Increasing number of people in Finland affected by loneliness

Photo: Joonas Brandt / Suomen Punainen Risti

According to the loneliness barometer commissioned by the Finnish Red Cross, the distress of teenagers and young adults, in particular, has not eased over the past year.

Loneliness has become increasingly common in Finland over the past year. In addition to this, the recent survey shows that experiences of isolation and exclusion have increased over the year.

“We have still not returned to the lower loneliness rates of the time before the coronavirus. Of the respondents, 61 per cent said that they feel lonely at least sometimes. Last year, this figure was 52 per cent. The rise in experiences of loneliness and isolation over the past year shows that, after exceptional times, it takes time and special effort to get people out of their homes and back into building relationships. Living alone is clearly one of the main explanatory factors,” says Social Well-being Coordinator Maaret Alaranta from the Finnish Red Cross.

Teenagers and young adults most likely to experience loneliness

The results of the annual loneliness barometer reveal the serious distress of teenagers and young adults, in particular, which has not been alleviated by the lifting of the coronavirus restrictions.

Loneliness, exclusion and isolation are most commonly experienced in Finland by people aged 15–34. A third of young people aged 15–24 feel excluded at least once a month.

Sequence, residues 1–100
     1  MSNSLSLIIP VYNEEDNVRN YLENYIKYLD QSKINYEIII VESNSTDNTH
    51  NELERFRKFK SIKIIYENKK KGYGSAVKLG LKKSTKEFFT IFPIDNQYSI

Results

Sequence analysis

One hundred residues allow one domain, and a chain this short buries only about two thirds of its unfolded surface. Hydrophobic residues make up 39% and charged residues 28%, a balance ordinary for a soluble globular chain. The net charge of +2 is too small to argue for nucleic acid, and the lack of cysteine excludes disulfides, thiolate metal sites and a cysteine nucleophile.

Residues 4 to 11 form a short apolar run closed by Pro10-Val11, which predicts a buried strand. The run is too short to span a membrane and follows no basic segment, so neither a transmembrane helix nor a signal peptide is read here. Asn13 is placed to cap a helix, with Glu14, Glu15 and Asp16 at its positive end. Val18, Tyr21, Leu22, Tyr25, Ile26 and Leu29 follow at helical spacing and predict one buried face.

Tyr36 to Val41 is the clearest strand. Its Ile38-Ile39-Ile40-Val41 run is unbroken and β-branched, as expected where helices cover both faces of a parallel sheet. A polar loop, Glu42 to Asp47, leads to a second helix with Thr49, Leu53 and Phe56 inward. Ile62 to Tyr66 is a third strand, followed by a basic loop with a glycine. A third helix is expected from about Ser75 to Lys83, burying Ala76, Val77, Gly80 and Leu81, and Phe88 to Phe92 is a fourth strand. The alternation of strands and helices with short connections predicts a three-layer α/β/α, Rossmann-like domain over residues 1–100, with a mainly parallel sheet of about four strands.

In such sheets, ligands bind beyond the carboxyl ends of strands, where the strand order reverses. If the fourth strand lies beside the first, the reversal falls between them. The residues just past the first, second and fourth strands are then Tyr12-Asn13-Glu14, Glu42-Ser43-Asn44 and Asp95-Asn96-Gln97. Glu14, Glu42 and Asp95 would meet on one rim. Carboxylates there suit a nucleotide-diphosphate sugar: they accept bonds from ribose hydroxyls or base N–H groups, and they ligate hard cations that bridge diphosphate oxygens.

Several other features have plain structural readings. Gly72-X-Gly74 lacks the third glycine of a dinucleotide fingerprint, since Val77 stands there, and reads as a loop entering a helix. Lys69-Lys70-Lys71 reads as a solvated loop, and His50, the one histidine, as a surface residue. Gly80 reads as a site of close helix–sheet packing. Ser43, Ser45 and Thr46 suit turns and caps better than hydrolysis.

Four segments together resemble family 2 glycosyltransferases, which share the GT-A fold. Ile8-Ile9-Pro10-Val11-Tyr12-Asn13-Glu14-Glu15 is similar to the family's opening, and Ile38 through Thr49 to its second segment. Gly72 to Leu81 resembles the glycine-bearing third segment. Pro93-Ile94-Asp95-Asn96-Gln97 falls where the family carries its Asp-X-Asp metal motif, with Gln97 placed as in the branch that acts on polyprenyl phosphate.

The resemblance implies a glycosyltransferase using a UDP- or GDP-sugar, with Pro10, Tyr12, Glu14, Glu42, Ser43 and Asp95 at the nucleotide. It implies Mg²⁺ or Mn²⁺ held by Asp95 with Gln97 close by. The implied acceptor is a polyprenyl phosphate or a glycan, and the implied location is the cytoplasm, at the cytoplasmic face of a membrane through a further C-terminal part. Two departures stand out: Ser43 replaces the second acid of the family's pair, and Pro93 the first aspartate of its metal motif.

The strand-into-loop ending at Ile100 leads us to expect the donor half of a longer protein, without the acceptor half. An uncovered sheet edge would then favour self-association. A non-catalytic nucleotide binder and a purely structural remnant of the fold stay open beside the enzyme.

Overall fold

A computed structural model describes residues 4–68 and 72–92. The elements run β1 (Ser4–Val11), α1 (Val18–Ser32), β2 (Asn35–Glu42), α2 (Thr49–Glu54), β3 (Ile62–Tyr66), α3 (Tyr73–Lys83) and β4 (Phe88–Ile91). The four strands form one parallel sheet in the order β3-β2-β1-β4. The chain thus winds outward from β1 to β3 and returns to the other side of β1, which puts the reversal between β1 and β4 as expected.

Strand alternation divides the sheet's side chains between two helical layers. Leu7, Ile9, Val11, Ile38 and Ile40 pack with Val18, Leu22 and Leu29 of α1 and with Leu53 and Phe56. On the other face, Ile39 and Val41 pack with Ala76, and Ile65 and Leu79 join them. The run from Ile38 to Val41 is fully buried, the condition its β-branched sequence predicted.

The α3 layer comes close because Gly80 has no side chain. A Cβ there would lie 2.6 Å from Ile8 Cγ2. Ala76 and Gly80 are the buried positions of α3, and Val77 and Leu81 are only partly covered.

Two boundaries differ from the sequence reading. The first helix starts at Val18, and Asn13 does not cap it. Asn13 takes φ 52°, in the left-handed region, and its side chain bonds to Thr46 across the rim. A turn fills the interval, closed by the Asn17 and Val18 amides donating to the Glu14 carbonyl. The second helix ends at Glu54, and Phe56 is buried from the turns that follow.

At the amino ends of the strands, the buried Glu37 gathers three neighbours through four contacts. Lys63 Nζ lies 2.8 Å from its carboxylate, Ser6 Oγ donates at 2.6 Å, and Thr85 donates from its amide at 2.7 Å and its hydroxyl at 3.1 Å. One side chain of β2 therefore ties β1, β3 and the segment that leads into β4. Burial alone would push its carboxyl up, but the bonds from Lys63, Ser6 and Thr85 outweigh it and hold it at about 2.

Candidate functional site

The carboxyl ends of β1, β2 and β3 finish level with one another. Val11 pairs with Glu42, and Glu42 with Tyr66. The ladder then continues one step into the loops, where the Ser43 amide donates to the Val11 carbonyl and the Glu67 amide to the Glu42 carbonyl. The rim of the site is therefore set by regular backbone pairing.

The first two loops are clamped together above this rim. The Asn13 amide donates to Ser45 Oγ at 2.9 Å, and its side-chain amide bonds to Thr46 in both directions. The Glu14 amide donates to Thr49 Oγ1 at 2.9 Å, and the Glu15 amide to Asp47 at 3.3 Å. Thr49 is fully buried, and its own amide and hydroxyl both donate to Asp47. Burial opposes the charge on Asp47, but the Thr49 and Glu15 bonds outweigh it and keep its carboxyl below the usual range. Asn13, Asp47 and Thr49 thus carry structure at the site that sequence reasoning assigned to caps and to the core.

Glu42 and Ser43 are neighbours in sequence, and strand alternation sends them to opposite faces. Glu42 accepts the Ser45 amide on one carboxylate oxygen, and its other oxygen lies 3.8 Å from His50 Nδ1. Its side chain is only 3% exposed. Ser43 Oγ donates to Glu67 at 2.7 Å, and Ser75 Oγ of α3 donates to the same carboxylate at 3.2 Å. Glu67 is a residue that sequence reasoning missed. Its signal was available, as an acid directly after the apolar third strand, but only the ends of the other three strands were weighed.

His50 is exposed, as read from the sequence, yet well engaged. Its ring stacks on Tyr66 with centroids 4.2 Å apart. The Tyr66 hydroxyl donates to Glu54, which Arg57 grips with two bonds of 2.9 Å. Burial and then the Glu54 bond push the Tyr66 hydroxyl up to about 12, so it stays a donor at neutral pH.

“The coronavirus pandemic has had a devastating impact on the well-being of young people, which will take a long time to remedy. The results of the loneliness barometer show the same sad trend that has been observed in previous studies on anxiety and other mental health challenges among young people,” says Varpu Salmenrinne, an expert in work on youth loneliness at the Finnish Red Cross.

Strengthening interaction and emotional skills is key

Lonely teenagers and young adults who responded to the barometer survey conducted by Taloustutkimus on behalf of the Finnish Red Cross reported challenges in their interaction skills, in particular. As many as half of young people aged 15–24 who experience loneliness say that one of the reasons for their loneliness is nervousness in social situations.

“Ways to reduce loneliness include facilitating encounters and helping young people with their interaction and emotional skills. Boosting self-knowledge is important because all relationships are built on a functioning relationship with oneself. And it is good to remember that each of us can build a sense of community by taking others into account. It is in the interests of both the individual and society that we do everything we can to prevent people from becoming completely isolated before it happens,” says Salmenrinne.

To reduce loneliness, solutions are needed at different levels, including at the national level.

“In Finland, we are now at the point where we need to employ strong measures to tackle loneliness. Reducing loneliness is currently nobody’s responsibility, and this should be remedied by a national loneliness strategy and related measures,” says Alaranta.

For the second time, the Finnish Red Cross carried out the barometer to study loneliness, the causes of loneliness and its effects. The loneliness barometer was carried out by Taloustutkimus in January 2023. The Finnish Red Cross uses these barometers to regularly monitor the loneliness situation in Finland. FRC_Loneliness Barometer_2023_report.pdf (pdf)